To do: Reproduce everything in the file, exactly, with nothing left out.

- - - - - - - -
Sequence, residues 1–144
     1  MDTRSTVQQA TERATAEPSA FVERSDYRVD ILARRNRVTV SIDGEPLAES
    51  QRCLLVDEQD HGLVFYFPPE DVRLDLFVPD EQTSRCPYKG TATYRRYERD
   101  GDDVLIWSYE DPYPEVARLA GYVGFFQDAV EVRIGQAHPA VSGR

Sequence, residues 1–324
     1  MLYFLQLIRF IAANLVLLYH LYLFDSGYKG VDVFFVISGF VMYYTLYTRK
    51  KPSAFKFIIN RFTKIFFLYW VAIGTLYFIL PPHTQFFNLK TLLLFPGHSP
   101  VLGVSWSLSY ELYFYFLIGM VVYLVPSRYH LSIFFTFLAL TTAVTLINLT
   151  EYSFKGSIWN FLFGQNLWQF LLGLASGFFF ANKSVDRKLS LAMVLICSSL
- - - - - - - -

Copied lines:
Sequence, residues 1–144
     1  MDTRSTVQQA TERATAEPSA FVERSDYRVD ILARRNRVTV SIDGEPLAES
    51  QRCLLVDEQD HGLVFYFPPE DVRLDLFVPD EQTSRCPYKG TATYRRYERD
   101  GDDVLIWSYE DPYPEVARLA GYVGFFQDAV EVRIGQAHPA VSGR

Sequence, residues 1–324
     1  MLYFLQLIRF IAANLVLLYH LYLFDSGYKG VDVFFVISGF VMYYTLYTRK
    51  KPSAFKFIIN RFTKIFFLYW VAIGTLYFIL PPHTQFFNLK TLLLFPGHSP
   101  VLGVSWSLSY ELYFYFLIGM VVYLVPSRYH LSIFFTFLAL TTAVTLINLT
   151  EYSFKGSIWN FLFGQNLWQF LLGLASGFFF ANKSVDRKLS LAMVLICSSL